Colleen Ballinger’s lawyers deny YouTuber is copyright striking “Toxic Gossip Train’ reaction videos

Virginia Glaze

Lawyers for Colleen Ballinger (aka Miranda Sings) are denying that the YouTuber is copyright striking reaction videos using her viral apology song, “Toxic Gossip Train.”

Colleen Ballinger is an OG YouTuber who first started her channel back in 2008. Over the years, she became a staple on the platform and was best known for her comedic character named ‘Miranda Sings.’

In 2020, Ballinger was accused of “grooming” her young fans after a former fan named Adam McIntyre uploaded a video exposing his conversations with the YouTuber.

Although Ballinger responded to the situation and the allegations died down, they returned in 2023, when McIntyre uploaded a second video discussing her treatment of himself and other fans.

Colleen Ballinger is best known for her comedic character, ‘Miranda Sings,’ who has been a staple on YouTube for over a decade. Now, she’s coming under fire for alleged inappropriate behavior toward her young fans,

After a few weeks of silence, Ballinger returned to YouTube with a video explaining her side of the situation. Notably, Ballinger said that her legal team advised her against saying anything about the ordeal — “but realized they never said that I couldn’t sing.”

Ballinger then sang a ten-minute song using a ukulele, comparing the allegations against her to a “toxic gossip train” pulling into “manipulation station.”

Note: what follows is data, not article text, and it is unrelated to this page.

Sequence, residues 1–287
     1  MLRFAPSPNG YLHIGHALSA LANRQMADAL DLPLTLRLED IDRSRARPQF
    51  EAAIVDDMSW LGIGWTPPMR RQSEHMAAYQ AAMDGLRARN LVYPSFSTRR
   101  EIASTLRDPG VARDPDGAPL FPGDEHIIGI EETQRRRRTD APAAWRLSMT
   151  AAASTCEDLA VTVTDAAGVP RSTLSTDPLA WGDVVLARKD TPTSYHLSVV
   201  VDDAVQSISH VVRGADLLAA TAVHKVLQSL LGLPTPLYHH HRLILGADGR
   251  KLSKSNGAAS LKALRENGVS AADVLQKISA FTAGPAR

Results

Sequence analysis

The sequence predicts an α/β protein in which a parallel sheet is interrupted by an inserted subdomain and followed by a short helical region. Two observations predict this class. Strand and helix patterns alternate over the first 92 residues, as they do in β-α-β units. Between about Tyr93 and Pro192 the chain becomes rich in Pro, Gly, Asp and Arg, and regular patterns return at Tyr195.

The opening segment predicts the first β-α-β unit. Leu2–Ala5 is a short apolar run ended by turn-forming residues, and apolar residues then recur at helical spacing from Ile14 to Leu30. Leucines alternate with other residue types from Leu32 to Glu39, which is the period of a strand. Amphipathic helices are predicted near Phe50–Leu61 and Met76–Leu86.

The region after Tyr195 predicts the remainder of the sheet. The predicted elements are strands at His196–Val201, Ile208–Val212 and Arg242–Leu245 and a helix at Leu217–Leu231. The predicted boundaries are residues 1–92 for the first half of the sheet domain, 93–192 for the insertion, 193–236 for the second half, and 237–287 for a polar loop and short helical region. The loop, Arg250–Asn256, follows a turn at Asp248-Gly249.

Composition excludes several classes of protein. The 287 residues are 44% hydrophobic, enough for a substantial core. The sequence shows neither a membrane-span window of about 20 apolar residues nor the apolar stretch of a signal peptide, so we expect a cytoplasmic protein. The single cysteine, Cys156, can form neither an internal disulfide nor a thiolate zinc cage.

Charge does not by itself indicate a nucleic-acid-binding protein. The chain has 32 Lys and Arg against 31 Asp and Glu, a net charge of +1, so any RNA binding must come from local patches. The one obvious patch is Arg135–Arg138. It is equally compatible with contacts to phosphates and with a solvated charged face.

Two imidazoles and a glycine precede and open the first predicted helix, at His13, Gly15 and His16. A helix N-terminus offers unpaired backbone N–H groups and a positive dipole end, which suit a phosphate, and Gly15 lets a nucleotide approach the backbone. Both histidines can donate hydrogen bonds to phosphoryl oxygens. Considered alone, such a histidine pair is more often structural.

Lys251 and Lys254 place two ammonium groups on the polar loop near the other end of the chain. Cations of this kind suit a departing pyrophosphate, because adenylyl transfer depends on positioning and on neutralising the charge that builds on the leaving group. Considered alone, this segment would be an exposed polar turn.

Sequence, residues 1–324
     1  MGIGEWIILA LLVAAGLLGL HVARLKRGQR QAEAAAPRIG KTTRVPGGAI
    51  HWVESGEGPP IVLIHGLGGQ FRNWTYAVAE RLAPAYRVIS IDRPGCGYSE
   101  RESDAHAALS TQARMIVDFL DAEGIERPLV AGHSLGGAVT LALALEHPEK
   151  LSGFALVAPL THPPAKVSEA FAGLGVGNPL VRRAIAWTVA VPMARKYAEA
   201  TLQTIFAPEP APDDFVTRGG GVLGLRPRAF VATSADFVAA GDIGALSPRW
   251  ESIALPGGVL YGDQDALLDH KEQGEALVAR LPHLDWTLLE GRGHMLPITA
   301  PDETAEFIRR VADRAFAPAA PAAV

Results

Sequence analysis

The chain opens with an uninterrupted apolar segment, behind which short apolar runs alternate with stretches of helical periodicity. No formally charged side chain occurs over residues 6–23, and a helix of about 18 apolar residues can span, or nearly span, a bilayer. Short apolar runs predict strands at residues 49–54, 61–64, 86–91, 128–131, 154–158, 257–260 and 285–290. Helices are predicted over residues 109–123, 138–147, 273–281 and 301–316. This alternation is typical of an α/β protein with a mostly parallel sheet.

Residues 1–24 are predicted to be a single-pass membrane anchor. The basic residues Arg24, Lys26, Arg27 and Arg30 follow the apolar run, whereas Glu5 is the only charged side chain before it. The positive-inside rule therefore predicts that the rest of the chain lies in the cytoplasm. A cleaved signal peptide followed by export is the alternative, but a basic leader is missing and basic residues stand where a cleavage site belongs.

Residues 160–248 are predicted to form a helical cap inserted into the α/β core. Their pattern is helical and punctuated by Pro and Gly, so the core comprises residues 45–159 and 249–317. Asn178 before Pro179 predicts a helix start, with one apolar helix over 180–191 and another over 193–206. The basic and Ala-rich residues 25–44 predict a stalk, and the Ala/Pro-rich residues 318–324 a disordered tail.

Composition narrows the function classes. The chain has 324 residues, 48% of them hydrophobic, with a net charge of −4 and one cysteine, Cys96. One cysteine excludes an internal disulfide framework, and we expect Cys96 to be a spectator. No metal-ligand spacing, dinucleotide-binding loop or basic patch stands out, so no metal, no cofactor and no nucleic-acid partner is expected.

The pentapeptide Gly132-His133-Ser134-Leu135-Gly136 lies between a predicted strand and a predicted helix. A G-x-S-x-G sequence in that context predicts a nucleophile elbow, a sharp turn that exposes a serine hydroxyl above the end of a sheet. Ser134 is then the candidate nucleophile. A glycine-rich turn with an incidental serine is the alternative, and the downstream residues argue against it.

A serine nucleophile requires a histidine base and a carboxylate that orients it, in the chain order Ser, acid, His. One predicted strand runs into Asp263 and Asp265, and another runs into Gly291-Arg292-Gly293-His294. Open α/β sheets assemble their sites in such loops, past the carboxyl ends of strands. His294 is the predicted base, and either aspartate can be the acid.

Largely hailed as one of the “worst YouTuber apologies ever,” other creators were quick to upload their own reaction videos to Ballinger’s response… but it wasn’t long before they started noticing that their videos were being hit with copyright claims from CD Baby, where her song had been seemingly uploaded.

Other fans claimed to have seen Ballinger’s song on Apple Music, sparking even more backlash against the YouTuber for monetizing her ‘apology’ video.

However, Ballinger’s lawyers are saying otherwise. In a statement given to news YouTuber Philip DeFranco and other news outlets, her legal reps claim that she did not monetize the song nor upload it to Apple Music.

“Ms. Ballinger did not upload the video/song to Apple Music, or to any other streaming platform, for sale, or for any other purpose,” the statement reads. “Ms. Ballinger has not monetized the song in any way.”

The reps went on to say they weren’t sure who had allegedly uploaded the songs to those platforms nor who was responsible for issuing the content strikes, saying it was done “without Ms. Ballinger’s knowledge or authorization.”

This latest news is leaving viewers even more confused, wondering who on earth could be responsible for taking action on Ballinger’s behalf.

For more information about the ongoing scandal surrounding YouTuber Colleen Ballinger, be sure to check out our report right here on Dexerto.

Sign up to Dexerto for free and receive:
Fewer Ads|Dark Mode|Deals in Gaming, TV and Movies, and Tech